The optimal solution to the problem was given by Kant (1998, p. 294) who specified “<…> two kinds of causality in relation to what is happening:
The approving (natural) effect of this principle is that the real content of the subject must be also caused by something else. Therefore,
the natural causalitydenotes “<…> the connection of one state <…> with another preceding state, which the former follows by the rule” (Kant, 1998, p. 294).
The denying (reverse) effect of the same principle is that every object with no external cause has no real content. This relates to
free causation,i.e. to will, as will as a thing-in-itself has no predetermined real content, according to its concept.
In the latter case, it can have no external reason as well, due to
On the other hand, Heidegger (1999, p. 25-26) is also right, considering “<...> the provision of reason <...> as the one that can have no exceptions <...>”. “We have distinguished between the denying and approving forms <...> of the provision of reason,” M. Heidegger teaches, making it clear that everything free from the approving form of this principle is subject to
Problem 2. Based on the principle of identity, any
However, we have already found out that freedom is nothing more than a lack of definedness, i.e. nothing, while any
“Any defined knowledge,” Fichte (1993, p. 630) writes, “embraces this double nature: freedom in general, which thereby is the
But if, in this way, all foundations of science are arbitrary, then what is the distinction between science and art and what is there any point, for example, in logic with its search for necessary and generally valid rules. The optimal solution to this problem was proposed by I. Fichte who managed to derive the definition of a necessary universal higher goal from the very concept of freedom.
Therefore, the latter is
Hence it is clear that freedom and necessity cannot contradict each other. Indeed, their essence is based on the same logical principle of the object identity to itself, i.e. to its definition:
Therefore, even in the case when object
The latter, according to I. Fichte, leads to the fact that whenever
Fichte (1993) arrived at the following conclusion: “Everything, to which the provision
But if the provision
That means that the very concept of freedom defines
Thus, it is emphasized that the
Thus, if this principle was earlier understood only as a manifestation of the purpose of learning and logical proof, now it appears to us as a principle of
This means that “the ultimate human aspiration <…> is the aspiration for identity, for full harmony with themselves,” Fichte (1993) concludes, “and that they could always be in harmony with themselves, to agree everything that is outside them with their <…> notions thereabout. Their notions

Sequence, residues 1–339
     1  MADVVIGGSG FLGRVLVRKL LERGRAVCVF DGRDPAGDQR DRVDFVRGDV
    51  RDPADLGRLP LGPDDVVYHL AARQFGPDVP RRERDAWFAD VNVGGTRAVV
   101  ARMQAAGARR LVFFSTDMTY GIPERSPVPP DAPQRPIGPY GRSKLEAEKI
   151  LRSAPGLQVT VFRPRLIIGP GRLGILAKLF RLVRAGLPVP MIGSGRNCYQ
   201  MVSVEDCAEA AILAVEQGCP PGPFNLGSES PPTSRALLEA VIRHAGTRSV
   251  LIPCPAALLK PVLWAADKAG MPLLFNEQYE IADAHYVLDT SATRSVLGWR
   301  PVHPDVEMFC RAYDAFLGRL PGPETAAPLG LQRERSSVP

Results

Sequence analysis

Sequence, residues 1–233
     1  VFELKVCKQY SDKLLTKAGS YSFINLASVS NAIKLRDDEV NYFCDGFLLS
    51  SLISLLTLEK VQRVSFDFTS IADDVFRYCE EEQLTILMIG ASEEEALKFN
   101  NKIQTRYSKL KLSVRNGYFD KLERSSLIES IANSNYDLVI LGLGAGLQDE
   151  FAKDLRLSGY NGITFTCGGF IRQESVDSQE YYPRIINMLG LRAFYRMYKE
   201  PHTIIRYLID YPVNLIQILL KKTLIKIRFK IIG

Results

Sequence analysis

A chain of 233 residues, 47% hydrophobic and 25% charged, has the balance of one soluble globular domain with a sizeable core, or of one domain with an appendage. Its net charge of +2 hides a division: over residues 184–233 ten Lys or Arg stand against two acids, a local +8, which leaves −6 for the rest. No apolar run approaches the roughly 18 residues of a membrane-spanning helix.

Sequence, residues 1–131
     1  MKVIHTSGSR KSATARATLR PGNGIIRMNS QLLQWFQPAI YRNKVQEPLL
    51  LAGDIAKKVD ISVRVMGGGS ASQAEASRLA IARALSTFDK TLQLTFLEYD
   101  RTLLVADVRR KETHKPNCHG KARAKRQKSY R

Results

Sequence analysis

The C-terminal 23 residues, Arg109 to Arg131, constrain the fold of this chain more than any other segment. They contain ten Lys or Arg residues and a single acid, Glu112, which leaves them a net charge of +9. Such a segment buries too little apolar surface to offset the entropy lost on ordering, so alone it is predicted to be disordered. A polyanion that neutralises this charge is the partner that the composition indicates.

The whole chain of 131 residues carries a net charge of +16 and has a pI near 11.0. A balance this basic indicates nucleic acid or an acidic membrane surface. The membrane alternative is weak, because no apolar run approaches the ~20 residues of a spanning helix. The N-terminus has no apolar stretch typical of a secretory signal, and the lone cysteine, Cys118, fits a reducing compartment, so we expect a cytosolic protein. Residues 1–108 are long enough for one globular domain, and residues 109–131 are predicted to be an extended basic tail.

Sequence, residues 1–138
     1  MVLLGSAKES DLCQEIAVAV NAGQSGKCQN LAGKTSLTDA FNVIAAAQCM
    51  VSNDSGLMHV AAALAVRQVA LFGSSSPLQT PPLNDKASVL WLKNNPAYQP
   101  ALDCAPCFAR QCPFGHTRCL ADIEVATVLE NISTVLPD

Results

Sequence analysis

Accordingly, if someone’s moral contains
“Moral evil,” Kant (1999, p. 232) claimed, “has a characteristics inseparable from its nature, that it is <...> self-destructive and self-contradictory according to its purpose”. The question is: how then are illogical and contradictory goals possible, if the logical law of contradiction
In fact, if
That is what defines contradictory goal. However, this contradiction is clearly inherent
“This is a standpoint of non-freedom and at the same time is a source of discontent,” Hegel (1975) notes, “On the contrary, when a person admits that what is happening to them is only the evolution of themselves and that he bears only their own guilt, they treats everything as a free human and retains the belief that they does not experience injustice in all circumstances of their life” (p. 326). This means that freedom is a
So, if cognized logical necessity of choice makes it
Moral evil is not about real actions, but about the inconsistency of its appraisal and goals set behind it. This applies both to those who do evil and those third parties who appraise it.
The logical law of contradiction and identity is a general principle of any goal-setting, and hence the general principle of free causality and moral necessity.
Natural necessity differs from moral necessity only in the formal distinction of cause and consequence. The content of the cause and effect is identical, which determine all kinds of necessity.
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Zamorev, A. (2018). On Moral Freedom And Necessity. In V. Chernyavskaya, & H. Kuße (Eds.), Professional Сulture of the Specialist of the Future, vol 51. European Proceedings of Social and Behavioural Sciences (pp. 1646-1653). Future Academy. https://doi.org/10.15405/epsbs.2018.12.02.176